WATER VALLEY – On a Friday night last month, 17 year-old Noah Smith had already put a full day in, attending classes as a senior at Water Valley High School and working the evening shift at Larson’s Piggly Wiggly.
He was a hard-working young man with a bright future ahead.
That future was cut short when he took caffeine pills to stay awake throughout the day – an amount that was ultimately a lethal dose in a death that has been ruled an accidental overdose.
His mom, Jennifer Westmoreland, now has a passion to make sure this does not happen to anybody else. She is pushing for a new law, Noah’s Law, to restrict minors from purchasing caffeine pills and energy drinks.
“As it stands right now, 12 year-old kids can walk in and buy these pills and energy drinks,” Westmore-land explained.
Only 10 days after Noah’s death, his family collected 200 signatures calling for legislative action. They delivered the signatures to their State Representative, Tommy Reynolds, who has pledged to take this effort to the State Capitol in January.
“In memory and in honor of Noah’s life, I will be filing a bill to require that retail establishments be prevented from selling enhanced caffeine pills to minors,” Reynolds reported.
Westmoreland is urging everyone across the state to contact their state senator or representative and ask for support for Noah’s Law.
“We do not want his death to be in vain, we don’t want this to happen to anybody else,” Westmoreland told the Herald. And it turns out that caffeine overdose is more common that many people realize. Just three days before Noah’s death, his mom said a young female adult was admitted to the hospital in Oxford for caffeine overdose.
“She made it,” Westmoreland said.
Cause of Death
The push for Noah’s law was gaining momentum well before Monday’s official toxicology report came back. After investigating the death, Coroner Ronnie Stark had talked to numerous friends and family that were with Noah that day. Stark was comfortable identifying caffeine as the likely cause of death.
With Monday’s report, the official cause of death was deemed cardiac dysrhythmia due to excessive caffeine ingestion. The earlier autopsy also indicated Noah did not have a pre-existing heart condition. He was a healthy teenager.
Stark shares Westmoreland’s concern about the dangerous pills and energy drinks and is also a strong proponent of Noah’s Law. Stark said the caffeine pills are sold over-the-counter at many convenience stores and pharmacies.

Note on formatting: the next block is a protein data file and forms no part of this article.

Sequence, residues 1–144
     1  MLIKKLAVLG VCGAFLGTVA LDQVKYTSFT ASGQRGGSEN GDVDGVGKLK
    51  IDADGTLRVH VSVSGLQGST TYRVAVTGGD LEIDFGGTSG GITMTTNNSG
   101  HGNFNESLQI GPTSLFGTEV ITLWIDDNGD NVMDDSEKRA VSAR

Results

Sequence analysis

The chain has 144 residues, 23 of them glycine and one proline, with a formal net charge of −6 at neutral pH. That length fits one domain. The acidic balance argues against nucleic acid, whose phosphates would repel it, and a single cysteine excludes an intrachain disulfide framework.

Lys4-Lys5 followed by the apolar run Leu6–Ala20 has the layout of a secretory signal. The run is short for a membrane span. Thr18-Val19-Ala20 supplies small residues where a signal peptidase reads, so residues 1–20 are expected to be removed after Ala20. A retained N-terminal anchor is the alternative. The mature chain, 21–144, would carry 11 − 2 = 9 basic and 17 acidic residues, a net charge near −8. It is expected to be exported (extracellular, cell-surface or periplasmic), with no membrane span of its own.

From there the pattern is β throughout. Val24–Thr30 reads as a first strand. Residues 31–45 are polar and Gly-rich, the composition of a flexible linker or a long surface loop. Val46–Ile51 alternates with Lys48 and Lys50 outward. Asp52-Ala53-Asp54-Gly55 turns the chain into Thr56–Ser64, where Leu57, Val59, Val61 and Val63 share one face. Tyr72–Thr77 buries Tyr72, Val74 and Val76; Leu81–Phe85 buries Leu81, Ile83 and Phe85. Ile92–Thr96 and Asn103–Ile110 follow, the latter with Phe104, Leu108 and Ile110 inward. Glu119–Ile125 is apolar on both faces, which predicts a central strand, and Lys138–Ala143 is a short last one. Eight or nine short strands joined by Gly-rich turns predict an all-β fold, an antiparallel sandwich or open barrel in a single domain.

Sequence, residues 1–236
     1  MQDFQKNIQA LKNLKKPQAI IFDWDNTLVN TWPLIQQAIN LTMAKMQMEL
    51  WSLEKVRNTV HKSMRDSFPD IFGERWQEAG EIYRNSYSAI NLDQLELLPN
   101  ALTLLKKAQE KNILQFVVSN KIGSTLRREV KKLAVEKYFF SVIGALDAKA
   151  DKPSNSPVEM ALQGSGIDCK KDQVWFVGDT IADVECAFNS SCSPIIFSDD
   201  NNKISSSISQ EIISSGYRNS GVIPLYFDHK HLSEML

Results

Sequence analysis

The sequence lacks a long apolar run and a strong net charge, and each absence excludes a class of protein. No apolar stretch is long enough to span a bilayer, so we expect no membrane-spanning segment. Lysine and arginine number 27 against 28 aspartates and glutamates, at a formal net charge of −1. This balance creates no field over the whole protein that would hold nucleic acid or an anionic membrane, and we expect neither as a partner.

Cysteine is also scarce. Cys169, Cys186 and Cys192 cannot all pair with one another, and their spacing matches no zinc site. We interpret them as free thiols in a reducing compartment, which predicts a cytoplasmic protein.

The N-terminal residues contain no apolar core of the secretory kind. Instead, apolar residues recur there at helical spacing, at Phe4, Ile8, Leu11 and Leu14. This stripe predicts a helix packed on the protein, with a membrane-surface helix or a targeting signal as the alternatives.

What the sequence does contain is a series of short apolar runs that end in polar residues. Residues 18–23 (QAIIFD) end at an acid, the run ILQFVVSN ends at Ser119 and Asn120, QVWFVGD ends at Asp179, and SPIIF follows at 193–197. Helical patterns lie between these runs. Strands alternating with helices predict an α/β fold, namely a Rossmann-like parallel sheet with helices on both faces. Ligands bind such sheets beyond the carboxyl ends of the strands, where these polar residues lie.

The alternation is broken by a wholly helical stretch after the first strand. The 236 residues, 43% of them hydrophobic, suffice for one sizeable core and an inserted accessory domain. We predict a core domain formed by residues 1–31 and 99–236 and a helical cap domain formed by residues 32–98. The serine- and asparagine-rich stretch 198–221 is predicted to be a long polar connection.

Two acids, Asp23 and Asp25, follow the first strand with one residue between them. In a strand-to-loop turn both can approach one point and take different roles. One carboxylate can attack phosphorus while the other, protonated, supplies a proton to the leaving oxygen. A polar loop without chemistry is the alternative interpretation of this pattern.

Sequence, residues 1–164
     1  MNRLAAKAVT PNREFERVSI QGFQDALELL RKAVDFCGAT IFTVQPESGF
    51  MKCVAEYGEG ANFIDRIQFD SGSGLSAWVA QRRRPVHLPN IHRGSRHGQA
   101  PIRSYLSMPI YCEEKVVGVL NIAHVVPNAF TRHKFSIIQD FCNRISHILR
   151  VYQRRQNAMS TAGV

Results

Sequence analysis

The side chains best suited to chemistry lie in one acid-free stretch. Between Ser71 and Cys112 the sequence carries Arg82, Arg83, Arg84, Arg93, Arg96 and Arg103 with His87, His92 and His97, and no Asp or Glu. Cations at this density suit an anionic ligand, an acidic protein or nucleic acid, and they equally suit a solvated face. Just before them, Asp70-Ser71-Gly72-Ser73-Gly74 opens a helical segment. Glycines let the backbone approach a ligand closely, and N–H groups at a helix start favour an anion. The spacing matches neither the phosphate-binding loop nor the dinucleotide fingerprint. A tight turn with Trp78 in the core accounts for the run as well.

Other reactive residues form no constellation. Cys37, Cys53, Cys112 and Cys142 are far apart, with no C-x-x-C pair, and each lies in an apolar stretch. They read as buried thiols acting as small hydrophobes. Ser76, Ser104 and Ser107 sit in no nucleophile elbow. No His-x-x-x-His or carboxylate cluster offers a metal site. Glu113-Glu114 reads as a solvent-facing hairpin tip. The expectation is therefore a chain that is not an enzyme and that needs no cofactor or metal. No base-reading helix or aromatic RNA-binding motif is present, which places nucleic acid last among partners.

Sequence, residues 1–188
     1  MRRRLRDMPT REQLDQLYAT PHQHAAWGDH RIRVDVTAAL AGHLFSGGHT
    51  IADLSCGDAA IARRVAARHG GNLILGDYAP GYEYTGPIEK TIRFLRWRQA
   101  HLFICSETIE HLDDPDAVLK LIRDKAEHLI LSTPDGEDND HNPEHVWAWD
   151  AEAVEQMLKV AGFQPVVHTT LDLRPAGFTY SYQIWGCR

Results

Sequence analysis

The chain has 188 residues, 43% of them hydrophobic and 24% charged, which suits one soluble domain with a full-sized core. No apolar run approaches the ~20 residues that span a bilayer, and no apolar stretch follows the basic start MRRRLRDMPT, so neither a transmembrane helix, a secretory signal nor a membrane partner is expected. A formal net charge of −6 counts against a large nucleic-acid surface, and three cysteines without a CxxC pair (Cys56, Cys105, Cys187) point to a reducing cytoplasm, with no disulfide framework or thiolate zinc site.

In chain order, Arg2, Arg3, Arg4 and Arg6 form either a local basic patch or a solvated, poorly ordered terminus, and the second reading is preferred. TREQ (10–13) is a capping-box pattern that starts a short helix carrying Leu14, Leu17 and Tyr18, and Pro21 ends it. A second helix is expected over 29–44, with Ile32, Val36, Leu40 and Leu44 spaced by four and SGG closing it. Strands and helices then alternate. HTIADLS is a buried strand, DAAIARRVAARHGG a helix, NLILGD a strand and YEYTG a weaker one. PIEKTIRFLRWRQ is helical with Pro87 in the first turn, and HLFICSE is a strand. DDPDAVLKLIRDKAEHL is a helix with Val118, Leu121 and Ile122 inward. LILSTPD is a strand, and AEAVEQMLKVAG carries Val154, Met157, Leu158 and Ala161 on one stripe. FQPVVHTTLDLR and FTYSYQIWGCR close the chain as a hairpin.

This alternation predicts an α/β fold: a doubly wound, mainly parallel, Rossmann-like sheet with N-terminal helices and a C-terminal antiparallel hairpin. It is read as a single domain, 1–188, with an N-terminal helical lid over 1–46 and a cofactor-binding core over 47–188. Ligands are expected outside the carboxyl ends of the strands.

“There are a lot of different brands, NoDoz, Stay Awake,” Stark explained.
“It could happen to anybody,” he explains. In addition to the county’s elected coroner, Stark also works as a paramedic, both at Yalobusha General Hospital and University of Mississippi Medical Center – Grenada. He has seen plenty of tragedies, but never one like this.
“It was tough on everybody, the EMTs, the doctors,” Stark said. “Doctors in the emergency room worked a long time trying to resuscitate him,” Stark said.
You Can Help
A fundraiser has been scheduled on Nov. 22 to raise money to help Noah’s family with expenses. The benefit is also to promote Noah’s law, according to Westmoreland, and is sponsored by Southern Wanderers RC Batesville Chapter.
The event will be held at 11171 Hwy. 315 (Johnny Holloway’s place). Registration is scheduled at 11 a.m. and an organized poker run will leave at 1 p.m. Poker hands cost $20 and include a barbecue plate. Dine-in or carry-out barbecue plates will be available for $10, and the fundraiser also includes an auction, 50/50 raffle and event T-shirts.
Smoked meat is also available and must be pre-ordered by Nov. 14. The selection includes Boston butts for $40, rib slabs for $30, bologna sticks for $25 and whole chickens for $20. To place your order contact Westmoreland at (662) 202-2682.
For more information about the benefit or to make a monetary or auction item donation, contact Spike at (662) 760-8018 or Chris at (662) 801-8942.